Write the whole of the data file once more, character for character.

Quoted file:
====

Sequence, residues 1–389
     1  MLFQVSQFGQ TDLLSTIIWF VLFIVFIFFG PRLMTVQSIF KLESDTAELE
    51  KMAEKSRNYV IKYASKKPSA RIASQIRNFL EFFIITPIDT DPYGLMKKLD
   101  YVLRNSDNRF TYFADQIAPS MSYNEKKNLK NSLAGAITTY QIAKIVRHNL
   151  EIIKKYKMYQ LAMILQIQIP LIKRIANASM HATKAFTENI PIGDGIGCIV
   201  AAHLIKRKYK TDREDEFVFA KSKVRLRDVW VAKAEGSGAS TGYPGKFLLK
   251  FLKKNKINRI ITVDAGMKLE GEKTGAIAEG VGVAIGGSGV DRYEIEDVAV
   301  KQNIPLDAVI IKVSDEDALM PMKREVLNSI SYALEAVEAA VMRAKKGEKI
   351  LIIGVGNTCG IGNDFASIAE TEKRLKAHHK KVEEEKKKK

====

Sequence, residues 1–389
     1  MLFQVSQFGQ TDLLSTIIWF VLFIVFIFFG PRLMTVQSIF KLESDTAELE
    51  KMAEKSRNYV IKYASKKPSA RIASQIRNFL EFFIITPIDT DPYGLMKKLD
   101  YVLRNSDNRF TYFADQIAPS MSYNEKKNLK NSLAGAITTY QIAKIVRHNL
   151  EIIKKYKMYQ LAMILQIQIP LIKRIANASM HATKAFTENI PIGDGIGCIV
   201  AAHLIKRKYK TDREDEFVFA KSKVRLRDVW VAKAEGSGAS TGYPGKFLLK
   251  FLKKNKINRI ITVDAGMKLE GEKTGAIAEG VGVAIGGSGV DRYEIEDVAV
   301  KQNIPLDAVI IKVSDEDALM PMKREVLNSI SYALEAVEAA VMRAKKGEKI
   351  LIIGVGNTCG IGNDFASIAE TEKRLKAHHK KVEEEKKKK